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    The same format issued to a rookie Babe Ruth

    1915 Boston Red Sox World Championship Pendant Presented to Everett Scott. He was one of the most sure-handed middle infielders of the pre-war game, leading American League shortstops in fielding percentage every season between 1916 and 1922. But it is another streak for which Scott is best remembered, a string of 1,307 consecutive appearances that stood as a record until the noble Lou Gehrig knocked him from his perch. Scott's remains the third-longest consecutive games streak in Major League history.

    But those nine seasons of perfect attendance had not yet begun when this exceedingly rare symbol of achievement was issued to the twenty-two year old teammate of Babe Ruth, who rookied with Scott on the 1914 BoSox squad. The Babe's 1915 Championship medal has never surfaced in the hobby however, nor has any other example crossed the auction block in the past fifteen years of sales records. There is every reason to believe that the single opportunity at ownership of this third World Championship award in Red Sox franchise history is represented by this Platinum Night offering.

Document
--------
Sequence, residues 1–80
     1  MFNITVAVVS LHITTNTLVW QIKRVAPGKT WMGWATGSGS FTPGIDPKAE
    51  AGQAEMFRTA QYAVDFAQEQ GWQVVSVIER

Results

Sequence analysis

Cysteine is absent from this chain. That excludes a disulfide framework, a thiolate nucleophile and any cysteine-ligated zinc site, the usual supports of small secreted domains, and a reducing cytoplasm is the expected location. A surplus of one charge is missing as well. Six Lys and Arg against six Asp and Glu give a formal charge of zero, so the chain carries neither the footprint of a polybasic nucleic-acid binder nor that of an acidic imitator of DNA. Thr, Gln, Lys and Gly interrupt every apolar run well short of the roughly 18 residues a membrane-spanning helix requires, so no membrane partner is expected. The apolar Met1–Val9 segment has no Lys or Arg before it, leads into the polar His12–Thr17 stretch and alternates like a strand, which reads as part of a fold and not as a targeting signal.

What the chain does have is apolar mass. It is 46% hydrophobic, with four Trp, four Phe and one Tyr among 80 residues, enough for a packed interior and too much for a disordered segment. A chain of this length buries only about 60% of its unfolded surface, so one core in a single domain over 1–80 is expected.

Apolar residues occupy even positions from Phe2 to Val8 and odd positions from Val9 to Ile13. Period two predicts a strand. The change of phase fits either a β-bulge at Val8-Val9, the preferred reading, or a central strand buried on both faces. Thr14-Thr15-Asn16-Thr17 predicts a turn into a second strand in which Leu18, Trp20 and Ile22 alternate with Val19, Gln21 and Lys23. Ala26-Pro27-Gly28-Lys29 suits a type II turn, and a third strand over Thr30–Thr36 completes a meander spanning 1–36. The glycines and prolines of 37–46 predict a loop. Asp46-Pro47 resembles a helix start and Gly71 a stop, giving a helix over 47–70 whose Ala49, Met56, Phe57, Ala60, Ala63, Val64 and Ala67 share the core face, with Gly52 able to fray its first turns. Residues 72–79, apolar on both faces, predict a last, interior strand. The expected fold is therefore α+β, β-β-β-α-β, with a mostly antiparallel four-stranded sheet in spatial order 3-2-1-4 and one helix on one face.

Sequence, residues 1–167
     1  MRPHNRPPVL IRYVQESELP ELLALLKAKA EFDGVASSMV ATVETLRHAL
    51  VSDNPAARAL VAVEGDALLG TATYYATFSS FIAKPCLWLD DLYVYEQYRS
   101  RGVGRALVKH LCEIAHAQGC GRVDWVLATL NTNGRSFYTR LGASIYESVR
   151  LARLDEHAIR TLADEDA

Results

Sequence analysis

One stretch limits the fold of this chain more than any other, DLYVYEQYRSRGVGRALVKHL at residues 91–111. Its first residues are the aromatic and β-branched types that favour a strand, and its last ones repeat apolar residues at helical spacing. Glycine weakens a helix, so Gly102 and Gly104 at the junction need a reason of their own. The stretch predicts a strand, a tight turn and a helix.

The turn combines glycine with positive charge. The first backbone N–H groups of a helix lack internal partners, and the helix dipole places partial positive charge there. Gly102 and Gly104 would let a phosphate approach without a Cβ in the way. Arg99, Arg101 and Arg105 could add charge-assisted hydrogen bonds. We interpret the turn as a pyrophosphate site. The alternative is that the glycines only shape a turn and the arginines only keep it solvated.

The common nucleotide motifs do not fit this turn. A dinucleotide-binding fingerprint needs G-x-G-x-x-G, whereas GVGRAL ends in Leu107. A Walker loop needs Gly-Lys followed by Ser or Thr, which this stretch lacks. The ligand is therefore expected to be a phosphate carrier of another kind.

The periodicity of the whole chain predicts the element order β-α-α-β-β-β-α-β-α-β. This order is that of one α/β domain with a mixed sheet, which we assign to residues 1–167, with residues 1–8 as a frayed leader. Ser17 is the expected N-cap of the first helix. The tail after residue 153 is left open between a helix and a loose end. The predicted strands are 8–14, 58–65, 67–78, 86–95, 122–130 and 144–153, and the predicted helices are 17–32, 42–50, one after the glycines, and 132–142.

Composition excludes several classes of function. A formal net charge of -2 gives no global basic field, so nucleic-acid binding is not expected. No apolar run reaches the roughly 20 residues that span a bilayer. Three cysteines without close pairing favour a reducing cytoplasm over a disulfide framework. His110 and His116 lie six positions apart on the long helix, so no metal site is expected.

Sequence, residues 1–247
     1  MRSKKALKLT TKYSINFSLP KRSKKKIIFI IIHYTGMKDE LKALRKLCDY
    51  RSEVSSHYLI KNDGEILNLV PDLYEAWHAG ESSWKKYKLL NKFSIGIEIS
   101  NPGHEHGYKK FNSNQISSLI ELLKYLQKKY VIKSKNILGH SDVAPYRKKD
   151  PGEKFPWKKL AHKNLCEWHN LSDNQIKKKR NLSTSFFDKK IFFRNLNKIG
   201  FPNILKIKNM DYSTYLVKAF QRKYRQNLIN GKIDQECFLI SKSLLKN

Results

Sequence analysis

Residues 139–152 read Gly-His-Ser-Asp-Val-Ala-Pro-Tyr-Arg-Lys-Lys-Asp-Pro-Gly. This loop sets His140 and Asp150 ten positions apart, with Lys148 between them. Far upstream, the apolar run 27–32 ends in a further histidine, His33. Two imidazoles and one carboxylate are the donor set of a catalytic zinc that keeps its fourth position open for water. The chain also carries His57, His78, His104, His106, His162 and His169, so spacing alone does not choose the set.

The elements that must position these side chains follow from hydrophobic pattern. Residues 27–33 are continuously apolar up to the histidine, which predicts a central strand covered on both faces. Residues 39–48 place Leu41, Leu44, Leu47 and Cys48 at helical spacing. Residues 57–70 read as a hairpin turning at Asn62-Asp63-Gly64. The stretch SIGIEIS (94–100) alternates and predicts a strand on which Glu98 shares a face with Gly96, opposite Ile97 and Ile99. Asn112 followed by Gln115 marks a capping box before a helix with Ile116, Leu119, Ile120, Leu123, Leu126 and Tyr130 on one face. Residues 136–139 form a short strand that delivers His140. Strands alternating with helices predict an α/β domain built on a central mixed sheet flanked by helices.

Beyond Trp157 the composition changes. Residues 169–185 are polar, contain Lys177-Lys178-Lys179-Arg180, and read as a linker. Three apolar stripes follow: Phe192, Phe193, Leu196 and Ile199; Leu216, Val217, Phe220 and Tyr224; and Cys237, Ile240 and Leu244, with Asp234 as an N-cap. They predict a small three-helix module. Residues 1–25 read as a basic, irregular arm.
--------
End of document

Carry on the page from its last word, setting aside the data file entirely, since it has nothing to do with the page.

Those experienced in the award collecting subgenre are well aware that the Championship ring for World Series victory first debuted in 1922 and became the standard format in 1926. Before that time, pendants and watch fobs were the most common player prize. This elegantly-crafted representation utilizes design features effectively identical to those found on the 1911 Athletics and 1914 Braves models, suggesting that all were crafted by the same jeweler in that era. A real diamond rests at the center of a figural baseball diamond on the face of the primary emblem, ringed by concentric circles of "World's Champions 1915" text and laurel wreath design respectively. Verso is artfully engraved "Everett Scott."

    This disc (1.25" diameter) dangles from an ornate golden link that is attached to another by means of a black leather ribbon. We have evidence of one other 1915 Championship medallion in the hobby, but this other model lacks one of the links and the leather. We believe this to be the only example that exists in as-issued format. Beyond light wear to the leather, the award survives in nearly pristine condition. Full length is five inches. Gold tests at fourteen karats.

    Auction Info

    Auction Dates
    February, 2015
    21st-22nd Saturday-Sunday
    Bids + Registered Phone Bidders: 14
    Lot Tracking Activity: N/A
    Page Views: 2,752

    Buyer's Premium per Lot:
    19.5% of the successful bid (minimum $14) per lot.

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